Tuesday, February 26, 2008

Roosevelt speaks...

With our country in the throes of political activity as we prepare for the election of our next President, I have been recently fascinated with the histories of some of our past Americans who have held this office. One of my favorite Presidents is Theodore Roosevelt. A historian, naturalist, explorer, author, and soldier, he epitomized the ideal of an American leader... fair, moderate, willing to attack unfair situations for both the average citizen as well as the average business. His willingness to attack corporate entities that he considered monopolies, as well as his historical and precedent-setting Square Deal, made him a model that certainly our current political candidates could learn from. But one of his most outstanding traits was his passion for the out-of-doors, his desire for conservation of our natural wonders, and his love of the hunt. What field trialer or hunter among you would not feel a tingle of excitement, or perhaps tightening of the throat, the rising of the hairs on your back, as you read the following passage by Roosevelt...

"No one but he who has partaken thereof can understand the keen delight of hunting in lonely lands. For him is the joy of the horse well ridden and the rifle well held,; for him the long days of toil and hardship, resolutely endured, and crowned at the end with triumph. In after years there shall come forever to his mind the memory of endless prairies shimmering in the bright sun; of vast snow-clad wastes lying desolate under gray skies; of the melancholy marshes; of the rush of mighty rivers; of the breath of the evergreen forest in summer; of the crooning of ice-armored pines at the touch of the winds of winter; of cataracts roaring between hoary mountain masses; of all the innumerable sights and sounds of the wilderness; of its immensity and mystery; and of the silences that brood in its still depths."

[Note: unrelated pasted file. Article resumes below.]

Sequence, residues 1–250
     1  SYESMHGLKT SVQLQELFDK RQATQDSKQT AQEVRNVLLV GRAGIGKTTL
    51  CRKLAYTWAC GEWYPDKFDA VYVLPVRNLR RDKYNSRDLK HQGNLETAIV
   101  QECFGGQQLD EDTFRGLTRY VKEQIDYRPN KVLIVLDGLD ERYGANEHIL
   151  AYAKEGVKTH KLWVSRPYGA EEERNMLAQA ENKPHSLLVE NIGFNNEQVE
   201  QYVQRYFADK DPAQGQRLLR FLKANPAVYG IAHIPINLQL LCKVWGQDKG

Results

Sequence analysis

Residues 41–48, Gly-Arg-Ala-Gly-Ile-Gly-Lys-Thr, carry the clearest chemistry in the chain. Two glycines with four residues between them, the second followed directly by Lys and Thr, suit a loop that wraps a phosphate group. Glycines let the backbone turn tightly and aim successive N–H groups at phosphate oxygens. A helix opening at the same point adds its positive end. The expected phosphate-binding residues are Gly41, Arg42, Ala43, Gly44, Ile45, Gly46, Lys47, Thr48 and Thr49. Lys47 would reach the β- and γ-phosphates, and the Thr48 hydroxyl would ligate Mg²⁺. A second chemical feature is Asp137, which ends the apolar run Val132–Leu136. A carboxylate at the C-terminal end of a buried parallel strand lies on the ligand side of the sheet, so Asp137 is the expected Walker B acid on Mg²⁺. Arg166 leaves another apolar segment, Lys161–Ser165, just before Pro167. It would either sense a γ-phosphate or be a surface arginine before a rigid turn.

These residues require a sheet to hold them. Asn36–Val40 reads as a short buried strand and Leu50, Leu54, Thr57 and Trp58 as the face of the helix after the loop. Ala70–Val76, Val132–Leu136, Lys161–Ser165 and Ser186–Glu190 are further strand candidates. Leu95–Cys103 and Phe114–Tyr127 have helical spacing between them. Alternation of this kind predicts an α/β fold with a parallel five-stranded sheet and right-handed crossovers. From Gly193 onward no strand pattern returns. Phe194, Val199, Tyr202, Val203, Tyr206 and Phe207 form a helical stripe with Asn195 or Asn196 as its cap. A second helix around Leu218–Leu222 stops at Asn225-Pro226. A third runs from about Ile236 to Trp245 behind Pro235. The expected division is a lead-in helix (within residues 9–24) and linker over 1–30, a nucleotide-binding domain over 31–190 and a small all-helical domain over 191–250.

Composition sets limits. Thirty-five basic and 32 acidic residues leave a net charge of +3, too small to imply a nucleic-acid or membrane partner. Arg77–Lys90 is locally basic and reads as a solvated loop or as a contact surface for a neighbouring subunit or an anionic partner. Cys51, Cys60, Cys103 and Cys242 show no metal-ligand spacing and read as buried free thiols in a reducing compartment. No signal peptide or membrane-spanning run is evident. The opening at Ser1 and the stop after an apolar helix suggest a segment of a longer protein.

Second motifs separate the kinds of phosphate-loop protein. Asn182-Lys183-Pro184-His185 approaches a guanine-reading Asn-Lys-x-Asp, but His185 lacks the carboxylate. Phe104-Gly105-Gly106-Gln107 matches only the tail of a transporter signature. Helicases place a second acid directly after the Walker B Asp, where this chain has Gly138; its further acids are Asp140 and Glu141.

-Theodore Roosevelt, The Wilderness Hunter, 1893

Anyone who has run the open prairies, the Allegheny woodlands, the piney woods of the south, or the wetlands of the coastal regions knows what Roosevelt felt... it's bigger than words can describe, and it certainly makes life worth living... were Roosevelt alive today, there is no doubt in my mind that we would have a string of pointers or setters in the back of the White House, a flushing whip hanging on the wall, and a tucker saddle in the horse trailer... heck, I suspect he'd even have a red setter or two, just for hunting those tough spots... now, wouldn't that be nice??

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